The species spend summer months in temperate mixed forests at upper altitudes of their range, and descend to lower ground in the winter to escape snow.
When first discovered, the only known specimens existed in three or four groups within a 270 square kilometres (100 sq mi) range at 1,700 to 3,200 metres (5,600–10,500 ft) above sea level in the eastern Himalayas, in the north-eastern section of Kachin State, the northernmost part of Burma (Myanmar). In 2011, a population was discovered in Lushui County, Yunnan, China. The species is isolated from other snub-nosed Rhinopithecus by the Mekong and the Salween rivers; the other 4 species, golden, black, gray and Tonkin snub-nosed monkeys, are found in China and Vietnam. The species shares habitat with Shortridge's langur, stump-tailed macaque, Assam macaque, rhesus macaque, and northern pig-tailed macaque.
On the morning of 16 October 2011, a forest guard at Gaoligongshan National Nature Reserve (GNNR), China took photos of a group of snub-nosed monkeys which were later identified as R. strykery. This made a breaking headline in China especially on the urgent need for a conservation programme.
Deforestation due to logging operations, isolation and hunting by local humans for food are considered dangers to the small extant population. The known Burmese population size is 260-330 individuals, and it is believed less than 100 remain in China. It is recognized as critically endangered by the IUCN. The Chinese population is found within the Gaoligongshan National Nature Reserve and it has been proposed to create a national park to protect this species in Burma.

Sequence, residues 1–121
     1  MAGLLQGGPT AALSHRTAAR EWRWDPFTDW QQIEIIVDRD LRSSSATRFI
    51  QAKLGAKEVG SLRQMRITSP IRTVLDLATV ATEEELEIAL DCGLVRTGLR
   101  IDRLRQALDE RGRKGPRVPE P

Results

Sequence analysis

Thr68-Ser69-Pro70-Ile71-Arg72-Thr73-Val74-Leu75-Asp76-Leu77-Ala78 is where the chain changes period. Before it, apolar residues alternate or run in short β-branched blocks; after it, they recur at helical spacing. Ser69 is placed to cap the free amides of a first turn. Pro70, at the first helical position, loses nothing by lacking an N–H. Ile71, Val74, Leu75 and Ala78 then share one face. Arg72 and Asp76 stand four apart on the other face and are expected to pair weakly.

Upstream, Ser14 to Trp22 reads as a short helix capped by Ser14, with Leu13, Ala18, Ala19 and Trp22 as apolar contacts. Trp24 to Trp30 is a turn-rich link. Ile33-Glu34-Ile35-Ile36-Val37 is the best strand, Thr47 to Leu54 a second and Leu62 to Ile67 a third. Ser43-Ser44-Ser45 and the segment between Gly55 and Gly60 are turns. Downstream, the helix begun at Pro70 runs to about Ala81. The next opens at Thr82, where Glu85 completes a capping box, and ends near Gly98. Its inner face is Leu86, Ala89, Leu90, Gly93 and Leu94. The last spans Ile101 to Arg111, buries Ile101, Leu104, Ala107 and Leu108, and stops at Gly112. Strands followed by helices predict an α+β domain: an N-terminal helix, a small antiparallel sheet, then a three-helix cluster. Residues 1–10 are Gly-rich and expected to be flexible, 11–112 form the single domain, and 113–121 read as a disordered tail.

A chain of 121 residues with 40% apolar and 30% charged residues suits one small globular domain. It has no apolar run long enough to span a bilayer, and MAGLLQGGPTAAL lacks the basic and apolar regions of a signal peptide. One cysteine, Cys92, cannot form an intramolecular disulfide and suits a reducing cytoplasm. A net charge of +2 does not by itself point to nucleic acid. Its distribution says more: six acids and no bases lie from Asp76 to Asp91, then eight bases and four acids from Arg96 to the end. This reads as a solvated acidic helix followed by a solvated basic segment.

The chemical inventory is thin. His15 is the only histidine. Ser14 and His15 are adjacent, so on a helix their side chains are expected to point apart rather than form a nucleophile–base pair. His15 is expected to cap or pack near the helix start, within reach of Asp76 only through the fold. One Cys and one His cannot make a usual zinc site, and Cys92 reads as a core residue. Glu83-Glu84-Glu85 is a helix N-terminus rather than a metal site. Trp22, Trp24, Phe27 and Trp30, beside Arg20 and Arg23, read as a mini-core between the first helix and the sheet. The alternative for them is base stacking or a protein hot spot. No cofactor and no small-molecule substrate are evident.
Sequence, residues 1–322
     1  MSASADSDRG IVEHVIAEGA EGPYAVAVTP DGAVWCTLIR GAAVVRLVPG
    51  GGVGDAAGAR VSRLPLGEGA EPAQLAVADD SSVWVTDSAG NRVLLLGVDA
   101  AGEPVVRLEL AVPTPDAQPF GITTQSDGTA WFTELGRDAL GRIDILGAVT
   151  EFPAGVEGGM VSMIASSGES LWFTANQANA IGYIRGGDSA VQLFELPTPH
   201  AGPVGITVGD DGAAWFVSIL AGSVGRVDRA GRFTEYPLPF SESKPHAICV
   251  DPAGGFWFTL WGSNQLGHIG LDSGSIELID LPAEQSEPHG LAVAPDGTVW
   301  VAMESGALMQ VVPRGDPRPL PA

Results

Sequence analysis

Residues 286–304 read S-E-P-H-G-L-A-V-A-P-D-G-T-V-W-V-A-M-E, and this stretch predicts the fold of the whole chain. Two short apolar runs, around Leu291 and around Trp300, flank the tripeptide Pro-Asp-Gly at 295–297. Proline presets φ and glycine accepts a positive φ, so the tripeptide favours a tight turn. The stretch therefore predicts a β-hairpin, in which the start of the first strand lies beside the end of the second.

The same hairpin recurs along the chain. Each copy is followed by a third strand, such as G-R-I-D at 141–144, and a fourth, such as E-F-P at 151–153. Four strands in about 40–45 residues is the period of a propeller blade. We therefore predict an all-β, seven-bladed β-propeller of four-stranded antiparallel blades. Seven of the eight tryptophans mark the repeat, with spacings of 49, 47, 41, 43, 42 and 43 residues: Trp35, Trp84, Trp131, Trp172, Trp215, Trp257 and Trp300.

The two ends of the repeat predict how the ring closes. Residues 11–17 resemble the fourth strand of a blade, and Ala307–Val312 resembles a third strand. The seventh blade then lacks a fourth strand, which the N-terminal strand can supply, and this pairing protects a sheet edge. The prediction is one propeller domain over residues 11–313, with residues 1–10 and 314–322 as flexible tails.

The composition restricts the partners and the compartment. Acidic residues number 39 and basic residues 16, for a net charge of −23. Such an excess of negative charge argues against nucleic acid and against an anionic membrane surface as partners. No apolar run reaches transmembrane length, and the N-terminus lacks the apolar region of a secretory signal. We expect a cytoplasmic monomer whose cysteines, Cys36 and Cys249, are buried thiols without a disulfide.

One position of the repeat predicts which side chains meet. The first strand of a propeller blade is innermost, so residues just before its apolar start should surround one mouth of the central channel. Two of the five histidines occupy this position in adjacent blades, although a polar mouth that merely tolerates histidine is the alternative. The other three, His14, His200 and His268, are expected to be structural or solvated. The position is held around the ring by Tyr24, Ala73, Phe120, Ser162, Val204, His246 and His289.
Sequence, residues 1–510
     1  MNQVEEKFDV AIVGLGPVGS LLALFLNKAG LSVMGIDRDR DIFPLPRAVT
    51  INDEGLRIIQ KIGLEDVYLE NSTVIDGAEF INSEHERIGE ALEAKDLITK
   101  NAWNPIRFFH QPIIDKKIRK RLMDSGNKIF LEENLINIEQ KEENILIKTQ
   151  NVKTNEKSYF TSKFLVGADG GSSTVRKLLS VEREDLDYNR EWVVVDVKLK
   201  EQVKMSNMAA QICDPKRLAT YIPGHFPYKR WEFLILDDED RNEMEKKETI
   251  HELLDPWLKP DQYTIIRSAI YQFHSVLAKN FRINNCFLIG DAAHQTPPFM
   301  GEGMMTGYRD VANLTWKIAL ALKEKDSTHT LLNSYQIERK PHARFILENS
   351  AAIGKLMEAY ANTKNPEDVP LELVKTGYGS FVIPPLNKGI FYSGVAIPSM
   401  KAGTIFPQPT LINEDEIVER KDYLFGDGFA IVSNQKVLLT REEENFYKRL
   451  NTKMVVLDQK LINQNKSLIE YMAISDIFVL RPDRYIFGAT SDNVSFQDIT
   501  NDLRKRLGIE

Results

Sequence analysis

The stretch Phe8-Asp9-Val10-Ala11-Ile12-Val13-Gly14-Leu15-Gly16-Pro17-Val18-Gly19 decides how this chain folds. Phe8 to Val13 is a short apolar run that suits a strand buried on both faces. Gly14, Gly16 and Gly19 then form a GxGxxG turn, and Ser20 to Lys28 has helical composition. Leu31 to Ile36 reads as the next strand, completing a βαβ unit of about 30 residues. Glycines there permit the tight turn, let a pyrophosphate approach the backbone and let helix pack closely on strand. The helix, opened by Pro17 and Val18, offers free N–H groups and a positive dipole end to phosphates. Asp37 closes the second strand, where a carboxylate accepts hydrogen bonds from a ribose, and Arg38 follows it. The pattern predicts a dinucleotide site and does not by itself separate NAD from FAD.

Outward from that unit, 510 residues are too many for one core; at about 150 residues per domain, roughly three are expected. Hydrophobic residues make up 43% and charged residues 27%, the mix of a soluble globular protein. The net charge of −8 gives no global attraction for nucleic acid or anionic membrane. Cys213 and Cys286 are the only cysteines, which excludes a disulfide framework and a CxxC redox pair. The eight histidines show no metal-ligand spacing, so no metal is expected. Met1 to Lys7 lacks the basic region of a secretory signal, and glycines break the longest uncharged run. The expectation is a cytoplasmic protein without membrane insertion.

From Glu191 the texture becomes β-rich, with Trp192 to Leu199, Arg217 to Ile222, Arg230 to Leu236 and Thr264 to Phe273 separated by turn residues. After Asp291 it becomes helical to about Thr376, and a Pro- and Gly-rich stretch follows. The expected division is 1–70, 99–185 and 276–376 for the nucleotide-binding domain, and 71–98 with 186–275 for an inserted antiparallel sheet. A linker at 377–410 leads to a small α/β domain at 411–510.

Origin and Evolution
Snub-nosed monkeys and the langurs are the two major groups of colobine monkeys in Asia. The monophyletic origin of these Asian monkeys are already established through molecular phylogeny using nuclear and mitochondrial DNAs. To further resolve the evolutionary status of these monkeys with emphasis on R. strykery, primatologists at German Primate Center analysed the complete mitochondrial genomes and 12 nuclear loci, including one X chromosomal, six Y chromosomal and five autosomal loci, from all ten odd-nosed monkey species. Their findings in 2012 revealed that snub nosed Rhinopithecus group represent the most basal lineage, with Nasalis and Simias forming the closest group, which implies that these odd-nosed monkeys originated from northern Burma and a later expanded into Indochina and Sundaland. The snub-nosed group diverged from other Asian monkeys about 6.8-6 million years ago, and from Nasalis and Simia clade about 1.2 Ma. Further, various species of the snub-nosed group split from each other about 730,000-400,000 years ago.
Taxonomic experts at the International Institute for Species Exploration honoured the monkey species as one of the Top 10 New Species 2012 among new species described in 2011 throughout the world. Its unique appearance, behaviour and vulnerability make it outstanding and not only in novelty, but also in conservation issues. It has even earned a new nickname "the sneezing monkey" for its peculiar behaviour. In 2012 it was also listed at no 9 of the Top 10 weirdest new species by the Chinese news portal, China.org.cn.